Cast Iron Pot
No matter what needs simmering there is a cast iron pot waiting stove ready to handle the job. Each cast iron cookware piece heats quickly, and retains that heat well. Heat spreads to avoid burning portions of food. Covered pots ensure moisture doesn’t escape a meal, it mulls. It brews over stovetops heated by gas, electricity, or induction.
Start small with a cast iron soup pot. Boil up 3-quarts of stews and stocks—or even a heaping helping of vegetables. Turn to Michelle B by Fagor to get more than just a cast iron pot; choose a two-piece set that offers a chef pan alongside a larger 5-quart soup pot. Cook up more in a higher volume pot, but also heat twice as many items at one time—sautéing vegetables alongside boiling soup. When doubling up on cookware, opt for technologically advanced designs crafted to be lightweight, and resist damage.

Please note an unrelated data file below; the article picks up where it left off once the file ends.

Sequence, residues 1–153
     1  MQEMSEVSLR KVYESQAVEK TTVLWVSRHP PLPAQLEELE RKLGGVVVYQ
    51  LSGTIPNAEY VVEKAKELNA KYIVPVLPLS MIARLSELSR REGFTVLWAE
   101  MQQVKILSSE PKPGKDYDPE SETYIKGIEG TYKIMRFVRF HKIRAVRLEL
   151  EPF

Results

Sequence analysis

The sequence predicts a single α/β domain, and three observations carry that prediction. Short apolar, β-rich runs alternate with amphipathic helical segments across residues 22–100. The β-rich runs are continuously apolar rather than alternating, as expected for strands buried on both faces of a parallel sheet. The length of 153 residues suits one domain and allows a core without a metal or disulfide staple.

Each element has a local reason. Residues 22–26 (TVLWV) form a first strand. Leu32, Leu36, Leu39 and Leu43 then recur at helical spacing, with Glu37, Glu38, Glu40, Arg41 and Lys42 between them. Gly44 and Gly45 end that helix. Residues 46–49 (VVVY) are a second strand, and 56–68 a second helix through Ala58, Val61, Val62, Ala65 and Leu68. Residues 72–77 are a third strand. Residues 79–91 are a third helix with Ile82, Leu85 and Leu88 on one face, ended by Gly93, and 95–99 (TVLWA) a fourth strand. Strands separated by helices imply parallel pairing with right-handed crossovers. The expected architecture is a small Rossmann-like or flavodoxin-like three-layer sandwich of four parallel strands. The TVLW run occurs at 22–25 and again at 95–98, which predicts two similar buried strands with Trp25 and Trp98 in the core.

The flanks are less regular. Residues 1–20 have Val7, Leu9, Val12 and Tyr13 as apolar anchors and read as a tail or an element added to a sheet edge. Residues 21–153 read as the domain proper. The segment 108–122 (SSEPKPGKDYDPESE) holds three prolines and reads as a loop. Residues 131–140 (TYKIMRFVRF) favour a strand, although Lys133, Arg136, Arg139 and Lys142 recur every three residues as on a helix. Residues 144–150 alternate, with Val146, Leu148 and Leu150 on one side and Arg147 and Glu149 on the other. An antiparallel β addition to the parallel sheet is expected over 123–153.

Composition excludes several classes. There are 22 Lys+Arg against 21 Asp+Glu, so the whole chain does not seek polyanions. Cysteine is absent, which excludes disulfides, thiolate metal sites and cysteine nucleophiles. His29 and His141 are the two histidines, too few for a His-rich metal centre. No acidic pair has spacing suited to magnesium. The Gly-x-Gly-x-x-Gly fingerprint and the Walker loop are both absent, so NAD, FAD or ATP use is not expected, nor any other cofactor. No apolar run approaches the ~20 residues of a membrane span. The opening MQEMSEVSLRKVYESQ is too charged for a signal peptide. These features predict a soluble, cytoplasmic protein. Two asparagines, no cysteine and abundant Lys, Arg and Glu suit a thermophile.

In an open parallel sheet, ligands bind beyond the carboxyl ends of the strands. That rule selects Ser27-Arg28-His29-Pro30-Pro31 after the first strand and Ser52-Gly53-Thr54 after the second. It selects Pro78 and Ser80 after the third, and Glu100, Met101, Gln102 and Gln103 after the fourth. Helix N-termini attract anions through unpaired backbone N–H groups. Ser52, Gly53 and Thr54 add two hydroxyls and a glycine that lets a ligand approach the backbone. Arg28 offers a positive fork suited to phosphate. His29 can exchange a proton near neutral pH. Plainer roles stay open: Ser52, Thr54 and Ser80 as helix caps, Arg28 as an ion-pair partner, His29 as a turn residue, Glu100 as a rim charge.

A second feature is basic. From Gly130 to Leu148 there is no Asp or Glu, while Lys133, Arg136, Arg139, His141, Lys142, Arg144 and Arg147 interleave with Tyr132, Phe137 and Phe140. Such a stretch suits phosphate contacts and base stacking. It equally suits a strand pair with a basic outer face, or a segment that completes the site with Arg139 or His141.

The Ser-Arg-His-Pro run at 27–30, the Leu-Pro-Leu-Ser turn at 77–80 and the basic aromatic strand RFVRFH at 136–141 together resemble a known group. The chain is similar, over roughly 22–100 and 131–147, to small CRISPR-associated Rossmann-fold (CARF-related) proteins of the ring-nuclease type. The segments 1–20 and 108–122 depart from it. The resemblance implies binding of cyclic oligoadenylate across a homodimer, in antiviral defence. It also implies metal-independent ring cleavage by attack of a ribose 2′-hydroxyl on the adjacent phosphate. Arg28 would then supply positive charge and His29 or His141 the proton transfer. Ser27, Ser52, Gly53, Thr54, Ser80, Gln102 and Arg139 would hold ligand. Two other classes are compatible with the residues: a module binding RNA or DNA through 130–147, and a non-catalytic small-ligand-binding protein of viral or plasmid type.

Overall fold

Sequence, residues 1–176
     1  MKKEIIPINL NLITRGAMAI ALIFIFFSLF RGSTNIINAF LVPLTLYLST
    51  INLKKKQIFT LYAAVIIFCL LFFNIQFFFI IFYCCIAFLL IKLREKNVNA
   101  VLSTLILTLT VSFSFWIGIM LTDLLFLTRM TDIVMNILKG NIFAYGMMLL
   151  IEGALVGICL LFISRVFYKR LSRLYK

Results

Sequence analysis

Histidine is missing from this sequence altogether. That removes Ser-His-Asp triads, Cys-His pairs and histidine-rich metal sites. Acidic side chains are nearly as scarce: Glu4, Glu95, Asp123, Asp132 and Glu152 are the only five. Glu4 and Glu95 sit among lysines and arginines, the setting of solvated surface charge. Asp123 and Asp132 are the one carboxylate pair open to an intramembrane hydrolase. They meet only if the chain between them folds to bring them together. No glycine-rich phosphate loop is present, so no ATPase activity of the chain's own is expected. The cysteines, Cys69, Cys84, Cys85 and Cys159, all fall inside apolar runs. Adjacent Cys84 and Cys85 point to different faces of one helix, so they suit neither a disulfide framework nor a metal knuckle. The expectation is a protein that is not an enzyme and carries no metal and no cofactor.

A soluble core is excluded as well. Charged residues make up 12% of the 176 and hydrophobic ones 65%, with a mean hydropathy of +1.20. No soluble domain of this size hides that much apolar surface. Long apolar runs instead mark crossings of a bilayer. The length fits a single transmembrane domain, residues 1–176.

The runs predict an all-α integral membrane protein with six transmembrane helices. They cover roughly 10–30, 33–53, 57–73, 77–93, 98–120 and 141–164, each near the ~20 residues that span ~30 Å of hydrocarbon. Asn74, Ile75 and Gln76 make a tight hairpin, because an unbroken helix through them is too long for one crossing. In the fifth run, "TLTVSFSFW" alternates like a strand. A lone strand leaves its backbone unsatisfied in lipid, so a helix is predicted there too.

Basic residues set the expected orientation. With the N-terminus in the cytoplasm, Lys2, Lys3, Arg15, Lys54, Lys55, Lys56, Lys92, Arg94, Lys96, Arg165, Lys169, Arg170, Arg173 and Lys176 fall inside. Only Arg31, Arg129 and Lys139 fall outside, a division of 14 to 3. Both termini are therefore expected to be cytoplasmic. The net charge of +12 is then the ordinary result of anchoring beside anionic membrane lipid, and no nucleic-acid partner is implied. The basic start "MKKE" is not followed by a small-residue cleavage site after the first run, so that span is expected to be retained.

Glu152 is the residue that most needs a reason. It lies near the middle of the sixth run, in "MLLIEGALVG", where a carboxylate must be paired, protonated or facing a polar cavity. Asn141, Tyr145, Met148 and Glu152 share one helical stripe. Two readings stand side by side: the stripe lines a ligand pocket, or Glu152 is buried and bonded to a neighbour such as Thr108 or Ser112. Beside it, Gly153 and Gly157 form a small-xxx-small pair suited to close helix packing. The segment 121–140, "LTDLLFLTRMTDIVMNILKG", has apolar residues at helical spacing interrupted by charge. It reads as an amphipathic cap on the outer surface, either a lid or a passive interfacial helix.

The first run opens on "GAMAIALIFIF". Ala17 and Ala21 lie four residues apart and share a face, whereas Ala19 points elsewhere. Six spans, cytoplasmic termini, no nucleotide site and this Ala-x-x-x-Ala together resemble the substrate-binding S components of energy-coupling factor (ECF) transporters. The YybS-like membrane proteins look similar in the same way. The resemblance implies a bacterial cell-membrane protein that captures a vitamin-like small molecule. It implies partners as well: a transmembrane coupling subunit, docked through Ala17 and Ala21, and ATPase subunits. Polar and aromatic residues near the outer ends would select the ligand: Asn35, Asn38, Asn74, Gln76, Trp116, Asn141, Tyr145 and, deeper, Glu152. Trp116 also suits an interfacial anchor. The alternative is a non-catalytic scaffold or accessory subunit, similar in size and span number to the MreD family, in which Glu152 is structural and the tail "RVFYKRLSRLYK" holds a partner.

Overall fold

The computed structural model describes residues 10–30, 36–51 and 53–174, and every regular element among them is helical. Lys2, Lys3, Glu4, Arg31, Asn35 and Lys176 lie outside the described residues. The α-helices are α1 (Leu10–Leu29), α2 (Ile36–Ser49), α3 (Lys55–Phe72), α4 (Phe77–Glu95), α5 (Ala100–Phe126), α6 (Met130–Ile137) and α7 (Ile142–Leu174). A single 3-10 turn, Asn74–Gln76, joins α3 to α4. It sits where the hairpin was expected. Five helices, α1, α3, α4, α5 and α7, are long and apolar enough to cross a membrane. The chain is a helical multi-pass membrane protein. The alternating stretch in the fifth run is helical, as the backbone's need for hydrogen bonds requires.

Start to stew with an even larger cast iron pot. A 7.5-quart stew pot can accommodate thick, meaty stews. Beef, chicken or chili can fit as well as a rich and creamy concoction. Discover beautiful pieces from renowned chef Mario Batali in the Classic collection from Dansk.
When daily dishes get put aside for the holidays, pull out a sizable 15.5-quart cast iron pot. A goose pot can cook just that. Craft a stew or roast a stuffed bird, like turkey. In the beauty of Le Creuset, the pot can go from stovetop to serveware.
Choose a pot with cast iron crafting on the inside, but the beauty of an enamel finish externally. A layer of enamel brings an opportunity for divine color. Incorporate the same fresh color of summer squash with yellow. Take inspiration from fall with pumpkin orange. Winter calls for icy blue. Spring means cherries just beginning to blossom and shades of red to fit the fruit. Go deeper in hue, taking light blue to the richer tone of a blueberry, or bright red down to the dark tone of a sherry sauce. When stark tones prove preferential, stick with white that looks brighter than even rice. It all boils down to a trip to Macy’s.